Articles & Press, Spotlight

Globe reporters tell their ‘Spotlight’ stories

Boston Globe has published today a great article featuring an interview with three members of the Spotlight Team — reporters Sacha Pfeiffer and Michael Rezendes and editor Walter V. Robinson — on which they shared the experiences on having Mark Ruffalo, Rachel McAdams and Michael Keaton portraying them.

‘Watching Mark [Ruffalo] re-enact five months of my life was like looking into a funhouse mirror’
By Michael Rezendes | Globe Staff

When I found out Mark Ruffalo was going to play me in a movie based on the Globe Spotlight Team, I immediately flashed on the crazy quilt of characters he has played: the obsessed detective in “Zodiac,” the aw-shucks ladies’ man in “The Kids Are All Right,” and the washed-up record producer in “Begin Again,” to name just a few.

So how was Mark going to play me circa 2001, when I was one of the reporters investigating the cover-up of clergy sexual abuse in the Boston Archdiocese? Pretty much exactly as I am — or was — it turns out.

At first, watching Mark re-enact five months of my life was like looking into a funhouse mirror, as I slipped into a summer evening at Fenway Park more than a dozen years ago. There he was – or I was – with my short-cropped hair, blue button-down shirt, and black leather jacket, exactly as I would have appeared at a Red Sox game after work.

But it was more than the wardrobe. After the fifth or sixth take of Mark taking guff from an older reporter and an editor, Mark introduced an odd, closed-mouth chuckle that I didn’t even know I used but which former Spotlight reporter Sacha Pfeiffer insisted was eerily accurate.

“Oh my God,” Sacha said, grabbing my arm, as we watched the scene unfold one more time. “He’s got your laugh.”

Weeks later in Toronto, where the movie makers had commandeered an old Sears building and rebuilt the Globe newsroom, it was very much the same. There was Mark at his desk in the ersatz Spotlight digs, spinning his chair around to yell into former Spotlight editor Walter V. Robinson’s office for a little banter, exactly as I had done virtually on a daily basis. It was, for me, like being rocketed back in time.

But I should not have been surprised. When I met Mark for the first time at my home in Winthrop he quickly turned the tables, taking on my customary reporter’s role by whipping out a notebook and using his iPhone to record what turned out to be more of an interview than a conversation.

Mark is as friendly and engaging as he often appears in his films but he’s also intensely devoted to his work. In this case, that devotion meant grilling me for hours about the ins and outs of reporting while trying to understand, as completely as possible, why I remain so dedicated to investigative reporting.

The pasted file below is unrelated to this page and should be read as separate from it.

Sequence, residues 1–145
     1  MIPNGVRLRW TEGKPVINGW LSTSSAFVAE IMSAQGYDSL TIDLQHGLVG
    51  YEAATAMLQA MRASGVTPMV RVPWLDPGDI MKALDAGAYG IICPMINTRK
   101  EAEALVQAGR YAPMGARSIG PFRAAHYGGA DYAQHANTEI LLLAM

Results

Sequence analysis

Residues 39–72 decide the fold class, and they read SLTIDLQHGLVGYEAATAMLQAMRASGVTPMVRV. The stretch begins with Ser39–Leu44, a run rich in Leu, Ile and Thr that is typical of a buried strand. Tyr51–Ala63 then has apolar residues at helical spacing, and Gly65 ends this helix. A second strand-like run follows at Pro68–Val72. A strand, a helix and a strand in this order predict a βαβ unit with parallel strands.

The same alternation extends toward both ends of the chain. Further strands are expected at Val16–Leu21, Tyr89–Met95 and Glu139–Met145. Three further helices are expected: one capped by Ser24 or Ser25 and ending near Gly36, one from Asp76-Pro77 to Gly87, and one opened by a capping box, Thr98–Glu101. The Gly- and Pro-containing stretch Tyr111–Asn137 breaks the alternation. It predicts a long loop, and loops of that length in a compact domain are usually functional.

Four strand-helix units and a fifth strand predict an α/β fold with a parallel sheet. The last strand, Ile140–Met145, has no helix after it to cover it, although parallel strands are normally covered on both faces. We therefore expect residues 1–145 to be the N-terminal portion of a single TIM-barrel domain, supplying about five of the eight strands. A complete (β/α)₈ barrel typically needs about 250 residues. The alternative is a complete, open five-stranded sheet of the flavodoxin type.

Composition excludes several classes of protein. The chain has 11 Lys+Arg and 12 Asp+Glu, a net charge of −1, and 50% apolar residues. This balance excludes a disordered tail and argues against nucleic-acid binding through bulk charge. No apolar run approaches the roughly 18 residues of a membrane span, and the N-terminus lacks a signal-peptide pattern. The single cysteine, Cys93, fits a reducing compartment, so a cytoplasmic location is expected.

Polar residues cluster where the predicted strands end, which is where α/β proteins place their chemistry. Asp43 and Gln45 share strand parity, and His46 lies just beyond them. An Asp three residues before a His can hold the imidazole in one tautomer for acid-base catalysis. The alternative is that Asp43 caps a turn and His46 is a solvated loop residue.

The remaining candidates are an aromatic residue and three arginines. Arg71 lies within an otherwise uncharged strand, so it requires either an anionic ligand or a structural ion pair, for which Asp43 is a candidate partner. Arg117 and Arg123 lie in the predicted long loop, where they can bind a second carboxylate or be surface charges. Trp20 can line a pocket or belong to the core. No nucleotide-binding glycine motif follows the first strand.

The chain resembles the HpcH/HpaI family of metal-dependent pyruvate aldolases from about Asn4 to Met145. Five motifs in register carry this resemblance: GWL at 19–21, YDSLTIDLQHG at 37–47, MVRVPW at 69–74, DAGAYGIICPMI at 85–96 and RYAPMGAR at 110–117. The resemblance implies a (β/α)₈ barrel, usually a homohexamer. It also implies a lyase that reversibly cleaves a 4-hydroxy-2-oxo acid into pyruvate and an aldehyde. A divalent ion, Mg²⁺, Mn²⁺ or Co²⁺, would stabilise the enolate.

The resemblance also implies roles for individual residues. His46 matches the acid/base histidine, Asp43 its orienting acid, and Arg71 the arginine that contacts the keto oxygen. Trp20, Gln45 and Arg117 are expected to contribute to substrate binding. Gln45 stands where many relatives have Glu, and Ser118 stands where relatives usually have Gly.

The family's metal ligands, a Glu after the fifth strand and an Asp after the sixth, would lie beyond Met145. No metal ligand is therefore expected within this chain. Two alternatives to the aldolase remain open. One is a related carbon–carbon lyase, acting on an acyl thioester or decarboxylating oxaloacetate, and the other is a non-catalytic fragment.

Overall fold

The next day I met with Mark at the Globe, this time observing him as he observed me, another hall of mirrors experience.

For starters, Mark shot video of me as I walked to my desk and settled in for a day of verbal combat. Then he sat with me and listened in as I worked the phone, trying to coax information from sources.

Mark also had a chance to interview my colleagues and came up with a choice anecdote about how I’d recently raised my voice — turning up the volume more than a notch or two, it seems — while trying to get to the truth out of a suburban mayor who had totaled a city-owned car after an event where he’d been seen drinking.

“Can I listen to you yell at someone?” reporter Mark Ruffalo inquired. It was the only time I politely declined to help him out.

It wasn’t always pleasant to be rocketed back in time. For all of us who were on the Spotlight Team back in 2001, investigating clergy sexual abuse was a heart-breaking experience — and more hard work than any of us could have imagined.

Each of us spent weeks interviewing victims, and I had heard more than a few stories I had tried to forget. And yet there was Mark, bringing it all back home.

Mark’s research never seemed to stop. Whenever I was on set, it was not usual for him to seek me out to chat about a scene or ask me to repeat a line, or even just a word or two.

During a break on that funhouse mirror evening at Fenway, Mark approached me for what I thought was going to be a friendly black-slapping moment. Instead, he leaned in close with an urgent request: “Hey, say this line for me.”

Read the full article – and watch a video – at the Boston Globe website.

  • gary

    loved the black leather jacket you wore where can i find one like u wore??